« Glittering Trees and Other Joys | Main | Passing in a Flash »

Penelope Rose, an Antique Rose for the Organic Garden

English clergyman Joseph Pemberton introduced the Penelope rose to the world in 1924. Pemberton's roses are also called hybrid musk roses, and Penelope has a delicious fragrance that is a blend of musk and fruit. With large clusters of medium to large, semi-double blooms on a sprawling frame, this antique rose has a unrestrained, romantic appearance.

The flowers are a pale peachy-pink, fading to creamy white. The hotter the weather, the paler the blooms. Penelope is a rebloomer with a large flush of blooms in late spring and then another flush in early autumn as the weather cools, with sporadic flowering in-between. One can encourage repeat blooms by deadheading the earlier blooms. Later blooms should be allowed to mature on the shrub, as lovely coral pink hips follow the flowers. 

Like all roses, Penelope likes loamy soil. Clay is fine as long as generous amounts of organic amendments are added. Penelope has lustrous, healthy foliage with little need for spraying or fertilizing. I feed mine in spring with fish emulsion, and I usually treat it, along with almost everything else in my garden, with a summer tonic of 2Tbs epsom salts and 2Tbs fish emulsion per gallon of water. In late winter I spray it with a dormant oil. That's it, and Penelope probably would carry on just fine if I did nothing at all.

Growing in hardiness zones 6-9, It will reach 5 feet by 5 feet or larger but can be pruned to maintain a more moderate size. It could be considered a semi-climber. My own Penelope grows amidst perennials and other carefree roses, but I think it also would look wonderful growing along a wall or fence. Penelope is one of the few roses that will bloom in semi-shade and will do well along woodland edges.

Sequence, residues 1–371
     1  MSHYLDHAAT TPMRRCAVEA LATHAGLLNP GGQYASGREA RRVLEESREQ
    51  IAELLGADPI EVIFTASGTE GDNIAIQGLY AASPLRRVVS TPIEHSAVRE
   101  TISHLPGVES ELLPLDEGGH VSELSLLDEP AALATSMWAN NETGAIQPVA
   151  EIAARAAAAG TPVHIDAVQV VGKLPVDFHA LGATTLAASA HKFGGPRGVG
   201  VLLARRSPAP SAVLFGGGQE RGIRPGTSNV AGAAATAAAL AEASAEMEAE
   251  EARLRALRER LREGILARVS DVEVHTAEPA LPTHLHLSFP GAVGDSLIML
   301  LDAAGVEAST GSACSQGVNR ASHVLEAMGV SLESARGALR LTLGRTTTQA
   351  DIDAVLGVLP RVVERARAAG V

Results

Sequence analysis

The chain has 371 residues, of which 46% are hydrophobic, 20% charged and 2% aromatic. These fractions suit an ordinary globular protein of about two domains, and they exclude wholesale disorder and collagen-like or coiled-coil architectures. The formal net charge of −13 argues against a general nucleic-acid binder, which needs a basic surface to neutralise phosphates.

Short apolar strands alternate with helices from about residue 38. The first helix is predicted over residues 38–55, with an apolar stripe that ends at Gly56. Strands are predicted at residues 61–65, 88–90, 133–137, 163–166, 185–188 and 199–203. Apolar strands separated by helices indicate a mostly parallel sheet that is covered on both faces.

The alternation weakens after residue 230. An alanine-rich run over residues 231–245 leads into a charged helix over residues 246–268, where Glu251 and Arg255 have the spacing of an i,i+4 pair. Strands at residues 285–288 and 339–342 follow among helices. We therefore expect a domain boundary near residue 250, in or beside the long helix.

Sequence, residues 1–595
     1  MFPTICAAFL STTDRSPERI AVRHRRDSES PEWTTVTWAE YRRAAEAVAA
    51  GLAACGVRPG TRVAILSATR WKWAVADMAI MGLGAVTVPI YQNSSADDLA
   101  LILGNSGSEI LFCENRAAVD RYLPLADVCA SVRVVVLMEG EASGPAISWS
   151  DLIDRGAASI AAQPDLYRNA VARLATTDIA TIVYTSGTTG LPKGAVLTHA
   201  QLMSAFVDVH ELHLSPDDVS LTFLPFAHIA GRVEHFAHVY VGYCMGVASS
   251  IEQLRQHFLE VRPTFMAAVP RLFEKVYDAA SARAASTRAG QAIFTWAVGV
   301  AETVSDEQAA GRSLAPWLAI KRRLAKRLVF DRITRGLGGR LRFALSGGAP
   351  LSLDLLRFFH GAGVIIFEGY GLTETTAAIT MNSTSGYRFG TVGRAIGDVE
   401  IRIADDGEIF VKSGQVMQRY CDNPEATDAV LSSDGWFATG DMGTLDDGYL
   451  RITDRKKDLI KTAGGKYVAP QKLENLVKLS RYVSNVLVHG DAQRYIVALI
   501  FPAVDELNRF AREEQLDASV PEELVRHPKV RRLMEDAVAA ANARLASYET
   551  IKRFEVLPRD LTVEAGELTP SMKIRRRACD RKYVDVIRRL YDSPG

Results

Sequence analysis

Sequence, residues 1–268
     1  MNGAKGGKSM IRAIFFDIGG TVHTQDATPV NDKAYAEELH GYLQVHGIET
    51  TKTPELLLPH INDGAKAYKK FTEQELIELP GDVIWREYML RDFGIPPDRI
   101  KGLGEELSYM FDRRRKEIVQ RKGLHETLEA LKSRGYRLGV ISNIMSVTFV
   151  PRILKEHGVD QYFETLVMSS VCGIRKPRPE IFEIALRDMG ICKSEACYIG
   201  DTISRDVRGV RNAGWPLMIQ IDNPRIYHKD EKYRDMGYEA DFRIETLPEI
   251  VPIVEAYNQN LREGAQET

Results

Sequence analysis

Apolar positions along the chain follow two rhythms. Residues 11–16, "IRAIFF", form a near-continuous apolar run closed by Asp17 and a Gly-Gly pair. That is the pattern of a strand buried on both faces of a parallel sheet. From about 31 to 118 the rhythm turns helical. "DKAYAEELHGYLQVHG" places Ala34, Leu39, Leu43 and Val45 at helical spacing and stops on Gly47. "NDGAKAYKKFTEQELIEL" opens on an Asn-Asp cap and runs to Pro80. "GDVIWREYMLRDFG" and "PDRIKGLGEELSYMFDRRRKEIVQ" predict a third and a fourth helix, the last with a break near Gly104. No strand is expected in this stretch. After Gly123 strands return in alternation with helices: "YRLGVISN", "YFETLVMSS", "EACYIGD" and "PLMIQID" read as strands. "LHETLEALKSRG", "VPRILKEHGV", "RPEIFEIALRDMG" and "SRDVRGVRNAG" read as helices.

My humid, hot climate is not kind to most roses, and I use a low maintenance, organic approach to everything I grow. I am happy that Penelope has done so well for me. The American Rose Society rates Penelope 8.7 on a scale of 10. That means it is an excellent rose that is recommended without hesitation. I heartily agree.


You may also enjoy Red Cascade: A Favorite Low-maintenance Rose and Summer-Proof the Garden.

PrintView Printer Friendly Version

EmailEmail Article to Friend

Reader Comments (19)

It's a beautiful Rose, Deb! I think I even like the bud better than the bloom. It must look really pretty when it just starts blooming. Lucky you to have Roses at this time of year!

May 4, 2014 | Unregistered CommenterPlantPostings

This rose looks fabulous growing in your garden, not many roses flower well in part shade either. I think you made a really good choice when you planted it. Our climate is hot and humid in summer and early Autumn as well and roses tend to suffer from black spot sometimes. I still grow them because I love roses, their beauty and fragrance.

May 4, 2014 | Unregistered CommenterKaren

That is a great rose if it needs little care in your humid climate. I always plant Iceberg for that reason. I just pulled them out of my garden though. Roses, even though getting few Japanese Beetles in the past ten years, this past few years, just started getting them in numbers. I was surprised at this development, so the roses went.

May 5, 2014 | Unregistered CommenterDonna

Just stunning. I hope you enjoy many more years of Penelope's beauty. Like her namesake, she seems faithful, strong and true.

May 5, 2014 | Unregistered CommenterAaron Dalton

I am always interested to read about 'trouble free' roses. The last couple of years with the mild winters we've had the roses have not done so well because they have become dormant. What is the Japanese beetle mentioned above, I have a kind of beetle eating the stamens and centre of my roses this year (and quite a lot last year too) they were never in the garden before. As always you choose such good varieties.

May 5, 2014 | Unregistered CommenterChristina